Singing these songs are a major part of curing people of Sting Ray (raya) stings. I have heard even of White people, like American Kim Brinkley’s daughter who grew up in Trujillo as her grandmother owned the Villa Brinkely Hotel, being cured of Sting ray stings by singing abeimajani to them on them on the beach, so apparantly they work even if you don’t believe. Both a certain number of Abeimajani and Arumajani songs are sung at a dugu or a chugu. One of the older male drummers in Trujillo, known as Calderón, who appears on the cover of Los Garifunas de Honduras drumming, told me he had written an Arumajani song in Garifuna about a fishing trip he had been on, and sang it for me.

When Garifuna men fished, they often took a son or a grandson with them. One of the few Garifuna men in Trujillo who knew arumajani songs was known by the nickname “Subalterno” (subaltern). While fishing his grandfather would lead the arumajani song, and Subalterno would be expected to sing the chorus part. His grandfather also taught him Uraga or traditional stories as they fished. To the extent that Garifuna young men do not fish, they do not have the time to learn and practice these songs and stories, the same with Young women who no longer go to farm with their mothers or grandmothers.   Older Garifuna men as they worked on crafts on the beach, also used to sing and compose songs, and sing them to their Friends who came looking for a breeze on the beach. They would also discuss community business and family problems. In the US we go to therapists, pay city council people and social workers, and composers to do these tasks. The Garifuna men in the past were not, as Ladinos seemed to perceive, just idling away on the beach while their wives worked. Since Garifuna men traditionally fished from 2 am to 10 am, to be able to bring the fish in time for lunch, they had their afternoons free, and they usually did not fish every day which left them with the time to make the majority of Garifuna crafts.

If songs are taught by the ancestors, usually they are revealed in dreams. Not only buyeis receive songs in dreams. For example, Profesor Santos Angel Batíz had a personal Project to collect Máscaro or Wanaragua songs. He had collected about 100 songs. In his dreams, an ancestor appeared and dictated to him another Wanaragua (Dance of the Warriors) song. He told the ancestor in the dream, “I do not have the money to publish this song.”  Usually Garifuna songs are not published, but rather you get a group of your friends together or go to the dance club and sing the song, and see if they like it well enough to “estrenar”, present for the first time, at a celebration such as at Christmas or New Years. Yaya said some of her songs were popular in Santa Fe. Some of her family lived in San Antonio, and she was also in demand to do Garifuna ceremonies in nearby Santa Fe, San Antonio, and Guadelupe.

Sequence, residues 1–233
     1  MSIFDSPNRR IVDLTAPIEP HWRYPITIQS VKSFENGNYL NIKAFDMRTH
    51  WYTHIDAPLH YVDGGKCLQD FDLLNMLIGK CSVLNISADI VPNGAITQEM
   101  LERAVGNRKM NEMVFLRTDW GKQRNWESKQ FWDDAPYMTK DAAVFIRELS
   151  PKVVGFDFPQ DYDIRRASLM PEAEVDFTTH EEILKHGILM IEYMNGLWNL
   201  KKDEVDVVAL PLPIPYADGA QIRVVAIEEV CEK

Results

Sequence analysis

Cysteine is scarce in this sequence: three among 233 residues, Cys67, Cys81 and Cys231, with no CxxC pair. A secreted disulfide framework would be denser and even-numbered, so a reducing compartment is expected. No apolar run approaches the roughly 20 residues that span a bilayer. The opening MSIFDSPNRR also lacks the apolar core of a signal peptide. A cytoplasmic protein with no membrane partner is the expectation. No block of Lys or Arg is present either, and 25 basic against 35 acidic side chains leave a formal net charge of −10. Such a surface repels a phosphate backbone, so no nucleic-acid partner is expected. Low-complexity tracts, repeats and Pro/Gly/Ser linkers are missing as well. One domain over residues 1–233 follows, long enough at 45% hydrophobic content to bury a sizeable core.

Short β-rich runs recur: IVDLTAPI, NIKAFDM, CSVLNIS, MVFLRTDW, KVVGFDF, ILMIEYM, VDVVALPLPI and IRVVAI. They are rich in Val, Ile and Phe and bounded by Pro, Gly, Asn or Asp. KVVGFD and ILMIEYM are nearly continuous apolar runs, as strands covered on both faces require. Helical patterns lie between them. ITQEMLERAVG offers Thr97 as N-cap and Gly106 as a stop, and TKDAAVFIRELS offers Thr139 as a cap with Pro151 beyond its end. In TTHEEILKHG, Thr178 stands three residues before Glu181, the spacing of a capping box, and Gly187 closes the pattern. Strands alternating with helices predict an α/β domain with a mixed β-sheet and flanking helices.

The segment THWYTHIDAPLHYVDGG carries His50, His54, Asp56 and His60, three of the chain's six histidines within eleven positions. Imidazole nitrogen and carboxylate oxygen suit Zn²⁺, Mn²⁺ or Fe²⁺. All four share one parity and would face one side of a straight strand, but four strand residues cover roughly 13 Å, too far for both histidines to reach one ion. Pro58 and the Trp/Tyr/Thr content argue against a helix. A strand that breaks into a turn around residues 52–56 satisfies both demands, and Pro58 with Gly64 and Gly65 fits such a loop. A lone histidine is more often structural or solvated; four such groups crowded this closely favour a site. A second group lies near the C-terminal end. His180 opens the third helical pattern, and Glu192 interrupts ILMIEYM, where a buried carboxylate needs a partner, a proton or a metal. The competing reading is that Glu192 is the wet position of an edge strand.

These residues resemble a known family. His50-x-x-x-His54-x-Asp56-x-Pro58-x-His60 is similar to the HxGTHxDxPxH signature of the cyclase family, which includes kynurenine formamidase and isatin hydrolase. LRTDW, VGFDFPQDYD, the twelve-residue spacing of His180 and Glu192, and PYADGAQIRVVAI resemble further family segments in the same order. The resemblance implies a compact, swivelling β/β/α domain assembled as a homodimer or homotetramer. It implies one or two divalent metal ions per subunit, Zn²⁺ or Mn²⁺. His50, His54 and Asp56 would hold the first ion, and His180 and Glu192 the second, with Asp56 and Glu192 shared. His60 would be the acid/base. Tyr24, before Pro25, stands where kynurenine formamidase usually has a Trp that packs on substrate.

Yaya was not one of the buyeis who would lead the singing at a dugu or chugu. She was always playing the marracas, which are the musical instrument thought to really pull (jalar) the ancestor spirits into the dugu or chugu ceremony. Yaya learned to play the maracas in the correct way for Garifuna ancestor ceremonies, because a deceased family member who had been a buyei appeared to her in dreams and taught her how to play maracas. Younger buyeis also generally do not study medicinal plants with older buyeis because they believe the ancestor spirits will reveal to them the plants they will need.

Most of the younger buyeis in Trujillo currently do not speak enough Garifuna to offer a plate of food at a chugu. The future of the Garifuna religióus ceremonies with its three nights and two days of singing in the Garifuna language looks grim. But I have seen the ancestors possess younger Garifunas who do not speak Garifuna and have them give messages in Garifuna when they both did not know anything about the situation they were giving a message about and they did not speak Garifuna well. The older ancestors who used to work for the Banana companies like Truxillo Railroad and will sometimes possess younger Garifunas who do not speak English and have them give messages in English. The male ancestors will also possess female Garifunas and have them give messages in the male form of Garifuna. So don’t count the ancestors out yet.

In Trujillo, the male buyei Enrique (Esly) García, head of the Club Wabaragoun, usually led the singing of sacred songs at a ceremony like a dugu or chugu.  Elsy had spent two months at the house of another buyei to betaught the songs by the other male buyei the recently deceased Santos, according to Santos’s father Beto Reyes. So dugu songs can both be taught by others or revealed by ancestors.